Current opportunities to join our faculty. Learn more


College of Nursing rising to prominence with sustainable development

Matthew J. Long | July 15, 2019

Angela Jenkins in the Penn State Behrend simulated nursing lab. A grant from the Sustainability Institute allowed the college to start a recycling program in its lab and take on other sustainable initiatives that reach students directly. The grant was awarded to University Park and all Commonwealth Campuses with nursing programs.IMAGE: PENN STATE BEHREND

UNIVERSITY PARK, Pa. — For the last several years, the nursing program at Penn State has grown exponentially, not just in terms of available undergraduate programs or students, but with sustainable practices and education.

Darlene Clark, assistant teaching professor with the Ross and Carol Nese College of Nursing, has played a critical role in the program’s progress over the years. According to Clark, the college’s efforts to become more sustainable began when it was still the School of Nursing and received a grant from the Sustainability Institute to start a recycling program in its nursing simulation (SIM) labs seven years ago. The grant was awarded to University Park and all Commonwealth Campuses with nursing programs.

“With the grant, we were able to compost organic materials and incorporate two different kinds of plastic separation,” said Clark. “We could finally recycle plastics from items such as IV tubes and otoscopes.” 

The school expanded into the Ross and Carol Nese College of Nursing in 2013, and with the newly acquired status, the college was able to undertake other opportunities in sustainability, most notably with nursing courses. Clark and most of the faculty members who teach first-year seminars take their students to visit the MorningStar Solar Home, a 100% renewable-energy powered house, for a tour to “introduce students to sustainability as a part of their campus they might overlook.” The college has also listed sustainability as a definition it its strategic plan.

“Nursing is filled with sustainable behaviors, breastfeeding instead of bottle-feeding, good nutrition, and getting vaccines to protect your children for now and the future,” said Clark. “A lot of it is behavior we are teaching our students that they can then pass down onto their patients. These are all threaded through our varying curricula.”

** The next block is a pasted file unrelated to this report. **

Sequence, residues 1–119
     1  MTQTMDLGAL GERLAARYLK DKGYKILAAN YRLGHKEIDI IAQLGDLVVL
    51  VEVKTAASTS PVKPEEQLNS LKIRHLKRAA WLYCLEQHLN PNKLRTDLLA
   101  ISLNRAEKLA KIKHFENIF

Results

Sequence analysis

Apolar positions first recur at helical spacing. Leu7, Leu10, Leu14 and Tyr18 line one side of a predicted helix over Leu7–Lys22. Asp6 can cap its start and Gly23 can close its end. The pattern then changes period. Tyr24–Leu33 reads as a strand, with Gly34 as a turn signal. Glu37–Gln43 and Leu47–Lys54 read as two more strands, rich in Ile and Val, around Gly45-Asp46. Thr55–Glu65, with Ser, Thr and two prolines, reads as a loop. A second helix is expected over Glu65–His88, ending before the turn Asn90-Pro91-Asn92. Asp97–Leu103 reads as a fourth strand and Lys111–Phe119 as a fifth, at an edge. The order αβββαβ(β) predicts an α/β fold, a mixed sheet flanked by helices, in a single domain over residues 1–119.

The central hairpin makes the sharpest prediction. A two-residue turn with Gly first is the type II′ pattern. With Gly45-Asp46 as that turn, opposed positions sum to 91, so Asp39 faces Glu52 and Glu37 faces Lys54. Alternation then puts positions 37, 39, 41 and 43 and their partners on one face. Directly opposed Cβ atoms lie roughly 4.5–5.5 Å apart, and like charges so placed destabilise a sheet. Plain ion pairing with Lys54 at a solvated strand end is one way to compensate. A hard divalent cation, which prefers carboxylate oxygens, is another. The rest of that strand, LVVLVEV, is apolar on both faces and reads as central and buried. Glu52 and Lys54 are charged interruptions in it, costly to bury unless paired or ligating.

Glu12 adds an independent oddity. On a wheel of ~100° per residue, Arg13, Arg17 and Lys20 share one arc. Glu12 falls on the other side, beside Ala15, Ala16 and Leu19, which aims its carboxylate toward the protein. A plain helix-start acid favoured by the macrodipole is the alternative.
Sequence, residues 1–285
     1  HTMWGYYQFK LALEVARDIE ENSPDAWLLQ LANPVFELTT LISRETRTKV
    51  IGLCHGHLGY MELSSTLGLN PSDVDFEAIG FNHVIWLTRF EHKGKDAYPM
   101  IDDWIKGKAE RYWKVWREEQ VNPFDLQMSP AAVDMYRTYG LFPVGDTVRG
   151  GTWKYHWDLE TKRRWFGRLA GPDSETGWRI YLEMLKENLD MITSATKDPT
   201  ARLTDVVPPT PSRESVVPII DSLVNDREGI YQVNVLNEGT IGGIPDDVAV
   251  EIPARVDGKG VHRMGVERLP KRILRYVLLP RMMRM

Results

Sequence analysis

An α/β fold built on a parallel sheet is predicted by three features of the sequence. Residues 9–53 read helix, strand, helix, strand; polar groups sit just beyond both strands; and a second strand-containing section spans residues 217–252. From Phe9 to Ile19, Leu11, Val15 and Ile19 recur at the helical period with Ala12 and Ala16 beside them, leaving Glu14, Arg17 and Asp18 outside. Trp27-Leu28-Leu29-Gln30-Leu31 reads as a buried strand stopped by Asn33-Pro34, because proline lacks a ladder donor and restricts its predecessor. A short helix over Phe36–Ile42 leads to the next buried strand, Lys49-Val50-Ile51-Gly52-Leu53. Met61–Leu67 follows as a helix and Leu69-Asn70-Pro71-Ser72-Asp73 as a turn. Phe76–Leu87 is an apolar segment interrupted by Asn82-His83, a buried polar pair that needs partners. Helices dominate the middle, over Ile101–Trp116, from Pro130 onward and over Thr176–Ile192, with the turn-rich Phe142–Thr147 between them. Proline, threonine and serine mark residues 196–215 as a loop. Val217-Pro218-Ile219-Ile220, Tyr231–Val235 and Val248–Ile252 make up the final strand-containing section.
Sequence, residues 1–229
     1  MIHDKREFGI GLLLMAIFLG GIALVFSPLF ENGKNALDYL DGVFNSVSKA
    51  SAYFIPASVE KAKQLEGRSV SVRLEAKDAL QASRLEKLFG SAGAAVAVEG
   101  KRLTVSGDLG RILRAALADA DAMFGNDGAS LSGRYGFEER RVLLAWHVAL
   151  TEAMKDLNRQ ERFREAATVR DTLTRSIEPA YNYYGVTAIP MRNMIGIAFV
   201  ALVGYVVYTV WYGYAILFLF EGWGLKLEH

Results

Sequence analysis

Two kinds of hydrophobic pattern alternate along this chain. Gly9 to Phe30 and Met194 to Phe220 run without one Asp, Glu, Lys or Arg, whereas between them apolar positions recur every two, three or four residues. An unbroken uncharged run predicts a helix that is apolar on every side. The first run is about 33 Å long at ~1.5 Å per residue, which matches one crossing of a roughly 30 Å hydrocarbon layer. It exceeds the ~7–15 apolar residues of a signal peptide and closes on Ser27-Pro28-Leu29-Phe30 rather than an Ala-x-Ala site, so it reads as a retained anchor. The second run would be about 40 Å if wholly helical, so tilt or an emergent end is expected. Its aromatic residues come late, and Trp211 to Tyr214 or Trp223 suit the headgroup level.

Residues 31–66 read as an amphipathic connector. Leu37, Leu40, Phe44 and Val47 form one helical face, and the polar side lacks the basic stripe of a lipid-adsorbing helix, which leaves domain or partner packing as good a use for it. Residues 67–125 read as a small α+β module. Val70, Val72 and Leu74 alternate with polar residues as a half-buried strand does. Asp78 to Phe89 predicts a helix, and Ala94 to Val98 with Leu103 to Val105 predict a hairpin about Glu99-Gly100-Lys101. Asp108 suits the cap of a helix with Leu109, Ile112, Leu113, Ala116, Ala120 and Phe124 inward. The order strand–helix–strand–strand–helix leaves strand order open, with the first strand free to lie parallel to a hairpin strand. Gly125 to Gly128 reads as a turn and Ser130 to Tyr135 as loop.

In addition to education, the college created several programs and organizations to further its goals. Clark started the college’s Green Team, a group of students, faculty and staff that work together to make the organization more efficient, two years ago through the Sustainability Institute. Every year, the team participates in the recycling efforts at a football game, guiding visitors on how to properly dispose of their waste in the correct recycling and trash bins. Three years ago, the college created a sustainability council to oversee all of its projects, a committee that Clark also chairs.

On the future of the college, Clark said she has several ideas on how to improve its programs and courses. She would like to include more of the UN’s Sustainable Development Goals (SDGs) in lectures and present students with assignments that ask how a specific SDG can impact one’s personal and professional life as a nurse. Another idea would be to work with local hospitals to share practices the college has successfully adopted.

Clark said she is proud of what the college has achieved in becoming more sustainable.

“We started with nothing,” said Clark. “It’s been growing, and there are barriers of course, but now I think we are one of the most sustainable departments.”

« Back to News and Events

Nese College of Nursing named a National League for Nursing Center of Excellence